- Second stage: gingivectomy
- 3-month healing period
- Final porcelain veneer restorations for teeth #4 through #13
- Delivery of maxillary occlusal bite guard
Treatment plan rationale
Ideal treatment for the patient with vertical maxillary excess embraces a host of dental and medical specialties.
In such a case as this, in which the patient demonstrates up to 7 mm of gingival display, LeFort I maxillary impaction may further refine results if conventional crown lengthening insufficiently elevates the periodontal margin, creates an unacceptable crown-to-root ratio or precludes achievement of a natural-seeming emergence profile due to exposure of excessive radicular structure.
Likewise, neuromuscular relaxation of the upper lip by botulinum toxin type A (BTX-A) depresses the lip, and thus masks any mucosal surplus left after periodontal surgery.
As the patient declined orthognathic and facial plastic therapy, the treatment rendered to alleviate her gummy smile and reestablish tissue and dental symmetry included a two-stage crown lengthening procedure followed by delivery of porcelain veneers from tooth #4 to #13.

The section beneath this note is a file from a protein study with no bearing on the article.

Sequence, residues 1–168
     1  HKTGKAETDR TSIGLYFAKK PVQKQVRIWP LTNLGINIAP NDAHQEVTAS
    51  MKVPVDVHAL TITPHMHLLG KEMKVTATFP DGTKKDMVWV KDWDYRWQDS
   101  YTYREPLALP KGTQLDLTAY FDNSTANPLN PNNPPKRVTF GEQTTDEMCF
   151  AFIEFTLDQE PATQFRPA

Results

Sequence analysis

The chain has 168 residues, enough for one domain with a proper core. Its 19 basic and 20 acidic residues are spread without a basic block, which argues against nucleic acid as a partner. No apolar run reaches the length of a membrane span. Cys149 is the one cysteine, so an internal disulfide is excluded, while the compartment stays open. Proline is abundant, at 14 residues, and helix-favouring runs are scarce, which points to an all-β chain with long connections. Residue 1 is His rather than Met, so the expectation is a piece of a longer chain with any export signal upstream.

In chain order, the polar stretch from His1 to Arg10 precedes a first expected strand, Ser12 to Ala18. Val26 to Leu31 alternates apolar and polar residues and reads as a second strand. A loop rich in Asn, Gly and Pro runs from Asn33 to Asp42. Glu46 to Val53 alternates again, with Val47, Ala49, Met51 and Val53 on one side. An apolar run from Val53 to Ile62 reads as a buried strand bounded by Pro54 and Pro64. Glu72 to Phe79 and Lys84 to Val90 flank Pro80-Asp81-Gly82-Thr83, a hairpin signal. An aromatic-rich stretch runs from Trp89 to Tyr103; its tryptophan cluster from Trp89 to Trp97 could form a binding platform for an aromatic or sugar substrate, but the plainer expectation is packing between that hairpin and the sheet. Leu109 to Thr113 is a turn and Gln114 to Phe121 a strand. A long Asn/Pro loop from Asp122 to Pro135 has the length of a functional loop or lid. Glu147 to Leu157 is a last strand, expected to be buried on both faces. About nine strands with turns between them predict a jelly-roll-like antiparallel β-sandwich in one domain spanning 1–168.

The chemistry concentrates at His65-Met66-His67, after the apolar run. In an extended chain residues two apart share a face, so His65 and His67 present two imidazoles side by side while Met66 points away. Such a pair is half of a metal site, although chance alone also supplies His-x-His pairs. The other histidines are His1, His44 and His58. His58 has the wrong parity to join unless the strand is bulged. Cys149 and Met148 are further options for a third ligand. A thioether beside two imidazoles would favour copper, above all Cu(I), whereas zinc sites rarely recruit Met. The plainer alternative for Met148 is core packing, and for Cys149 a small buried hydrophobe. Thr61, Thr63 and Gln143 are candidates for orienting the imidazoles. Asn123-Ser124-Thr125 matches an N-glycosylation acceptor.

A biphasic crown lengthening approach minimizes the 1 to 3 mm coronal gingival shifts common after one-stage procedures detected especially in patients with thick soft-tissue biotypes (such as the patient featured in this report).
By first reshaping only the osseous crest and letting healing commence, it is possible to correct any coronal rebound of the soft tissue seen after healing at the second, gingivectomy-only, surgery. Once the attachment apparatus fully remodels post-gingivectomy, which takes roughly three months, final restorations may be cemented.